PARK CITY, Utah: The life and work of British war photographer Tim Hetherington, who died covering fighting in Libya in 2011, is celebrated in “Which Way is the Front Line from Here? The Life and Time of Tim Hetherington,” a film presented at the Sundance Film Festival.
The doc was directed by Sebastian Junger, with whom Hetherington made an Oscar-nominated 2010 documentary about Afghanistan, “Restrepo.”
Junger still clearly recalls the call on April 20, 2011 which reported that Hetherington had been injured in Misrata, followed shortly by confirmation of the photographer’s death. At a New York memorial for his friend, Junger interviewed fellow journalists.
“Suddenly I was making a film,” he said, pointing out that Hetherington “had documented his last day of life extensively with a video camera, and that material became the beginning of [the film].
“Journalists are dying with greater and greater frequency in war zones,” he continued, “and their deaths are better and better documented because everyone, it seems – including rebel fighters – carries small video cameras.
“The well-recorded tragedy of my friend’s death, I thought, might be able to inform other journalists and the general public about the risks of the job.”
The movie was presented out of competition at Sundance, where Hetherington and Junger won the documentary Grand Jury Prize in 2010 for “Restrepo,” which recounted the life of a platoon in the Afghan war.
“Which Way is the Front Line from Here?” is produced by U.S. cable channel HBO and follows the Briton’s training and career over a decade, from his first warzone images in Liberia to his death last year at the age of 41 with fellow photographer Chris Hondros.
Born in Merseyside, he studied English literature at Oxford before deciding to become a photojournalist, living and working for several years in Africa, where he became the only photographer behind rebel lines in Liberia in 2003.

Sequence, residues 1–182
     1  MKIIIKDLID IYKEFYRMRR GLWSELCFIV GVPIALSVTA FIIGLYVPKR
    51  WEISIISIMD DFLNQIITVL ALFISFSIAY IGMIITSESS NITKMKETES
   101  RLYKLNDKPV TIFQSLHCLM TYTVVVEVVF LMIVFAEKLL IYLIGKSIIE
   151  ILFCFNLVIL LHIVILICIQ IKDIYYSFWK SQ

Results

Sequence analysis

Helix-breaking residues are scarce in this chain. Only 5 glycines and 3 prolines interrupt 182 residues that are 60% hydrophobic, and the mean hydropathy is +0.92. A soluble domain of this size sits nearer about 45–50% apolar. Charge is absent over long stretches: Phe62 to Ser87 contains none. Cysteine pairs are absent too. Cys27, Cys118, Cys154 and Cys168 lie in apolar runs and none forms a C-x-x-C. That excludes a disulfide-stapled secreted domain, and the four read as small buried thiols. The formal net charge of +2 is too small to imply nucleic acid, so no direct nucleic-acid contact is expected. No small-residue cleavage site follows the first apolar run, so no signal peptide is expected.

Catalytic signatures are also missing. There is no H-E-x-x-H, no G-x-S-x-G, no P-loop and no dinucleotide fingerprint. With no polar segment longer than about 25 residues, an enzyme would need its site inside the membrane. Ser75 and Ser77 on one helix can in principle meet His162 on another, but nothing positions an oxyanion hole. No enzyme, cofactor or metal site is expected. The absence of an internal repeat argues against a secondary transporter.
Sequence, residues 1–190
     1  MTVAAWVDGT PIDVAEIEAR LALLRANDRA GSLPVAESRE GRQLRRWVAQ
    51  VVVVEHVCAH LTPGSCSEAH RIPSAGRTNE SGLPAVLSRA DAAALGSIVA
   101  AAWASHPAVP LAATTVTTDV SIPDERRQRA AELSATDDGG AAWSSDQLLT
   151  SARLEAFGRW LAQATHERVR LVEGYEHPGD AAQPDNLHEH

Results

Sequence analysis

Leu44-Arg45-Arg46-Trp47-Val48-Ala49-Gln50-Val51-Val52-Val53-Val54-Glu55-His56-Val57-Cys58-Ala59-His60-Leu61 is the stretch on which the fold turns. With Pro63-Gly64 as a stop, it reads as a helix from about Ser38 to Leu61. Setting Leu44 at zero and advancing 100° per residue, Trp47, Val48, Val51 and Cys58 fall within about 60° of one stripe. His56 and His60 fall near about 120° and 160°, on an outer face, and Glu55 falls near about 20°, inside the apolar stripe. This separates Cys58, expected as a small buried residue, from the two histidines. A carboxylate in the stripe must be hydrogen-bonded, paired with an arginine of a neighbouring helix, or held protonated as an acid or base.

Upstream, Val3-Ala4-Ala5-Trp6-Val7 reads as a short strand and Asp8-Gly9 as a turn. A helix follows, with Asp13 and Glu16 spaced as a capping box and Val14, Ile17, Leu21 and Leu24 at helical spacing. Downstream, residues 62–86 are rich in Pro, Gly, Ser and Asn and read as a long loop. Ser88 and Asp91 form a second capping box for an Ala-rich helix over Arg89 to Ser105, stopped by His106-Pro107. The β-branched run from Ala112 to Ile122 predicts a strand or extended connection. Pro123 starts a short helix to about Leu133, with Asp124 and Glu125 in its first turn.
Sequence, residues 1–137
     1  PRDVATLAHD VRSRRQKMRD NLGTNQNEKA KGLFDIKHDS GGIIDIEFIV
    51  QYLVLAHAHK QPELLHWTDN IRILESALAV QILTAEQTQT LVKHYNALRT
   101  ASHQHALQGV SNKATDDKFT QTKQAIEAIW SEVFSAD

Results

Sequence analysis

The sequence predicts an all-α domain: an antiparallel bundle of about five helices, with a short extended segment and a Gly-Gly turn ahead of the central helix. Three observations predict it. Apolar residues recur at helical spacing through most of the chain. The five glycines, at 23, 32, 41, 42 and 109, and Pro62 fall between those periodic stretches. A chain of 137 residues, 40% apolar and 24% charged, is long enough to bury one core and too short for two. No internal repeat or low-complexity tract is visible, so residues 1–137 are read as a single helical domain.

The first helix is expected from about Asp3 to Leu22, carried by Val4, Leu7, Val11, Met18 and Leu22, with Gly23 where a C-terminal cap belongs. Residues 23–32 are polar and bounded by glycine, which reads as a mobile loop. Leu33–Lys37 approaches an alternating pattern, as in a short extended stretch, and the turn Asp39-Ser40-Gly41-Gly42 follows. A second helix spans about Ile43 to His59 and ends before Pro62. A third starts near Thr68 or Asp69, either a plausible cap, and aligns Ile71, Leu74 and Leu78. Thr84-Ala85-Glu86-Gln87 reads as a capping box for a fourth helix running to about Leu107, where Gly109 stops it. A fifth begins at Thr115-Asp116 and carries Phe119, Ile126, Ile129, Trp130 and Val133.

In New York he worked for Vanity Fair, winning wide praise for his work in Afghanistan, including the World Press Photo of the Year award in 2007 for a picture of an exhausted U.S. soldier on the Afghan front line.
Junger puts Hetherington’s own still and video images from his final days alongside interviews with family and friends – notably photographer James Brabazon, who was in Liberia with him and praises his talent for documentary.
“Tim was much more than just a combat reporter,” Junger agrees. “True, he initially made his name shooting video during the Liberian civil war and achieved widespread prominence with the documentary ‘Restrepo.’
“But his ultimate value as an artist lay in his ability to integrate multiple media and transcend the limitations of his profession. He refused to even call himself a photographer, preferring the more ambiguous ‘image-maker.’ That ambiguity allowed him to do almost anything he wanted, creatively speaking.”
To underline how much more his friend was at ease behind the lens than in front of it, Junger opens the film with a close-up declaration from Hetherington, hesitating over his words.
“I think the important thing for me is connecting with real people,” he finally tells the camera. “To document them even in extreme circumstances, when there is not a neat solution, when there is not a neat guideline saying ‘This is what it’s about.’ I hope this is what my work shows.”
Junger says his film “chronicles Tim’s passage from a terrified and untested photographer in Liberia to one of the masters of his profession. By necessity it is very much a war movie, but it also strives – as Tim did – to defy the expectations of the genre.
“Some of Tim’s most courageous work did not take place in war zones but in the ridiculously creative enclaves of his mind,” Junger recalls. “He never flinched from either. I hope I have made a film that does not flinch as well.”